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Super fog blankets New Orleans again, as damp fires and smoke close interstate after deadly crash

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FILE - In this aerial photo, responders are seen near wreckage in the aftermath of a multi-vehicle pileup on Interstate 55 in Manchac, La., Monday, Oct. 23, 2023. The death toll from last week&rsquo;s series of highway crashes blamed on a &ldquo;super fog&rdquo; of smoke from marsh fires and morning fog has been lowered from eight to seven, Louisiana State Police said Friday, Oct. 27.
FILE - In this aerial photo, responders are seen near wreckage in the aftermath of a multi-vehicle pileup on Interstate 55 in Manchac, La., Monday, Oct. 23, 2023. The death toll from last week’s series of highway crashes blamed on a “super fog” of smoke from marsh fires and morning fog has been lowered from eight to seven, Louisiana State Police said Friday, Oct. 27. (AP Photo/Gerald Herbert, File) Photo Gallery

NEW ORLEANS (AP) — Dense smoke reminiscent of last month’s “super fog” that rolled into Louisiana has led to a deadly crash that shut down Interstate 10 in the New Orleans area early Tuesday, police said.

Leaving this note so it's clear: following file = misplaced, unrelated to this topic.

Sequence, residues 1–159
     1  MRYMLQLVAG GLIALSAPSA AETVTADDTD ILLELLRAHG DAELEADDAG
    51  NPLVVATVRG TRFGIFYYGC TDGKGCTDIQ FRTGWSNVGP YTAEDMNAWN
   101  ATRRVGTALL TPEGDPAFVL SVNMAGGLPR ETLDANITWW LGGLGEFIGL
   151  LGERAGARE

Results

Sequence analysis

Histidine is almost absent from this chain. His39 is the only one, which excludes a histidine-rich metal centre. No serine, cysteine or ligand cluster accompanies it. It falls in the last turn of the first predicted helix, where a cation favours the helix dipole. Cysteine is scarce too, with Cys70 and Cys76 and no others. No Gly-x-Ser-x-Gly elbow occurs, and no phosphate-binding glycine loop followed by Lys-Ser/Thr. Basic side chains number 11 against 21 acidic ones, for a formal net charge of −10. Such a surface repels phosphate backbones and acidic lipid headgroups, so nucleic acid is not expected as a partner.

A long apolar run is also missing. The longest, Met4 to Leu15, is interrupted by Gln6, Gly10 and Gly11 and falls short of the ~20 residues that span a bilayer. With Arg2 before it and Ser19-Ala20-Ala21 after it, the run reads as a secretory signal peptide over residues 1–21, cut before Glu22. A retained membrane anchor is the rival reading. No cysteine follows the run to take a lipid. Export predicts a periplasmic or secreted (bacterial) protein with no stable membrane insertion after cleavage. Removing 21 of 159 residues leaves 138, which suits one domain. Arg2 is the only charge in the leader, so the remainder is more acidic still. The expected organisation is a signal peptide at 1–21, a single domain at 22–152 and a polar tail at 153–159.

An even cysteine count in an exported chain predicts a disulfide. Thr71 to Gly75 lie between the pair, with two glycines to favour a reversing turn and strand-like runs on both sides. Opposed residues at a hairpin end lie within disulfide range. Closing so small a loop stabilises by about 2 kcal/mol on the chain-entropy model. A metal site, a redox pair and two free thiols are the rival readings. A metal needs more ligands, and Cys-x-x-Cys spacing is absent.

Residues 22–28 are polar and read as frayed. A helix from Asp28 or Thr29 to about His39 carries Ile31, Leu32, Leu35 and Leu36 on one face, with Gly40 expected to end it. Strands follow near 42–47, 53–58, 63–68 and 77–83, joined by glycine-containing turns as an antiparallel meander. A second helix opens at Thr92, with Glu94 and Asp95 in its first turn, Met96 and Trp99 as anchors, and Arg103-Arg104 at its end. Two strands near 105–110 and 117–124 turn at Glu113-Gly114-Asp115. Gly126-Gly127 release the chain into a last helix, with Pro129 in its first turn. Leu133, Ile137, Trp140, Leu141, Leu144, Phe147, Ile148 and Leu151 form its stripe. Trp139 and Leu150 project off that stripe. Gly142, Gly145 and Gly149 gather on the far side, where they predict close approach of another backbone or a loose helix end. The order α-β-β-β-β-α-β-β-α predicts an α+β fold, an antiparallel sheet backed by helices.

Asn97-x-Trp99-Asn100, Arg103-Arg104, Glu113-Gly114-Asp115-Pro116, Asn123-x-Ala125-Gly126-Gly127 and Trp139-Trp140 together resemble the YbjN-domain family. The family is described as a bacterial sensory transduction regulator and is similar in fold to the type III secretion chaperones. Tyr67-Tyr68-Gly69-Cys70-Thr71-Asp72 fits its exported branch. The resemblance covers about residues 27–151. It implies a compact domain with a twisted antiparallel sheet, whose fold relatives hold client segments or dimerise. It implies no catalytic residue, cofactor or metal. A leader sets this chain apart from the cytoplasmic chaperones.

The thoroughfare was closed due to smoke, fog and accidents involving multiple vehicles, New Orleans police said in a statement.

“Multiple people were injured and transported to the hospital,” the agency said after the accident around 4:30 a.m.

Smoke from fires near New Orleans is getting trapped under a very shallow layer of the atmosphere near the ground along Interstate 10 in eastern Orleans Parish, the National Weather Service said. As a result, motorists could see a quarter-mile (0.40 kilometers) or less, the weather service said.

“All that smoke has got nowhere to go,” said Christopher Bannan, a meteorologist at the National Weather Service near New Orleans.

In some areas of the smoke, people can look straight up and see a clear sky in the daytime or stars at night, Bannan said. But if they look horizontally, they can’t see ahead of them, he said.

The weather service issued a dense smoke advisory. The thick smoke also reduced visibility along Interstate 55 in Louisiana, the weather service said.

Few details were available about the motorist who died Tuesday. Police said it was a man who died after being taken to a hospital.

On Oct. 23, seven motorists died and about two dozen were injured in pileups involving about 160 vehicles on I-55 near New Orleans amid a super fog, which is created by smoke from marsh fires mixed with dense fog.

Last month’s wrecks have raised awareness in the area, “and it’s on everyone’s mind so they may be taking more precautions,” Bannan said.

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